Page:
|You are terrible at money management. We’ll never get ahead the way you spend.||I’m concerned about our money management. Would you be willing to work with me on a budget for the family?|
|Why do you always leave so much junk in the family room?||It would be nice to have the family room in better order. Let’s try to figure out a better way to store these things.|
|You always leave the lid off the toothpaste. What a germy mess that is.||With all the colds going around, I’m concerned about the germs getting into the tooth paste tube. Can we make sure to put the lid on? Or maybe each person can have her or his own tube.|
Note that it takes more words to use the I messages, but it’s well worth the effort and leads to fewer disputes and better relationships. I messages are problem solvers.
Use a talking stick. In a dispute between two family members, or co-workers for that matter, it’s important that each get a chance to state an opinion, and have the floor. Without this opportunity, one may have his or her say and not let the other talk. To provide equal opportunities for both, use a small item that you trade back and forth, with the person holding the item having the floor. When that person finishes, the item is given to the other person, who then has the chance to talk. This avoids interruptions and backlashes. The item can be any small item that you agree on. Traditionally, it was a carved “talking stick.” You can get a small dowel and use this for your stick, or you can use a pencil, a toy, a button, or just a piece of paper. If it’s helpful, write the word “floor” on the paper to remind you that whoever has the paper has the “floor.”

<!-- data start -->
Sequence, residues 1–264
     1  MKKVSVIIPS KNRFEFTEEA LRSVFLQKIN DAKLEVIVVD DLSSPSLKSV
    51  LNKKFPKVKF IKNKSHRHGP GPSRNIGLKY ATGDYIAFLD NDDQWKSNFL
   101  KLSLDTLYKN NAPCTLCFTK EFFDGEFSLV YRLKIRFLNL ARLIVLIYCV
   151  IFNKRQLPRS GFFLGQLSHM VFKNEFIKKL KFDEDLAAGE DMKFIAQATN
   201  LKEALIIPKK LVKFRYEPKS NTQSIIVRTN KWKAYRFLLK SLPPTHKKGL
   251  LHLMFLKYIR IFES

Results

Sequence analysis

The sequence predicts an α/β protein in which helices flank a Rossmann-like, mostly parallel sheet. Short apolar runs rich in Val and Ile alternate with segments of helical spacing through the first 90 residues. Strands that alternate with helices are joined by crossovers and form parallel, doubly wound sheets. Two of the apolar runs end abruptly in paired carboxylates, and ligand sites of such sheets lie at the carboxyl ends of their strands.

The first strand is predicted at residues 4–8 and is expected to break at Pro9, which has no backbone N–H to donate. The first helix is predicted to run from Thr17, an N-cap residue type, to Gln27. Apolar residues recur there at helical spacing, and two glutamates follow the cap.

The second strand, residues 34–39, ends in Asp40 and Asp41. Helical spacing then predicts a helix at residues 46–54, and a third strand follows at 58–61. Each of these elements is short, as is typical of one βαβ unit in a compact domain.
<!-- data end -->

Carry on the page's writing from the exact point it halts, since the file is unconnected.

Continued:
Communication needs to be safe. Anyone who feels threatened, uneasy, or untrusting in any sense, cannot express the full nature of his or her concerns. True communication cannot take place if anyone feels taken advantage of, that what’s said will be used against him or her, or that others will be told about the conversation.
One issue at a time. Sometimes people talking about a problem will bring up other problems as well. Stick to one topic at a time. Solve that problem. Wait until another time to bring up another issue. If past hurts and problems come up every time something happens, then you live in the midst of disharmony all the time. The issue you want to settle may get lost in the shuffle. Sticking to one topic at a time really helps avoid this. The purpose of positive communication is not to blame a person for the past but to find ways to work together to make the future better.
Apply good communication skills at work, in organizations, and with family members. Some organizations have difficulty solving problems because of poor communications or because lots of time is spent complaining and little time spent problem-solving. When you come to the table to talk over an issue, don’t let it dissolve into a gripe session. Instead, for each complaint, search for possible solutions. Don’t draw out minute details about something that went wrong. Instead, define an issue and think of possible solutions, decide what could happen if you tried a solution, and choose a solution to try. This avoids personality conflicts and back-biting and leads to a more pleasant organization or work place.
Now go back to the scenarios near the beginning of this guide. After reading the information, can you better define the types of communication problems they have? Are you better prepared to offer solutions for the communication issues?
|Hints — Marie and Phillip’s communication is related to the paragraph Know when to talk and to the door slammer Don’t interrupt. Juan and Fritz’s communication is related to the paragraph Good communication is a two-way street and to the suggestion Use a talking stick. Zoey and her husband’s communication is related to the paragraph One issue at a time.|
University of Minnesota. Parents Forever. 2000
Center for Divorce Education. Children in the Middle. Athens, Ohio. 2007
Covey, S.R. The 7 Habits of Highly Effective People. Franklin Covey Co. New York. 2004
This publication has been peer-reviewed.
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Issued March 2008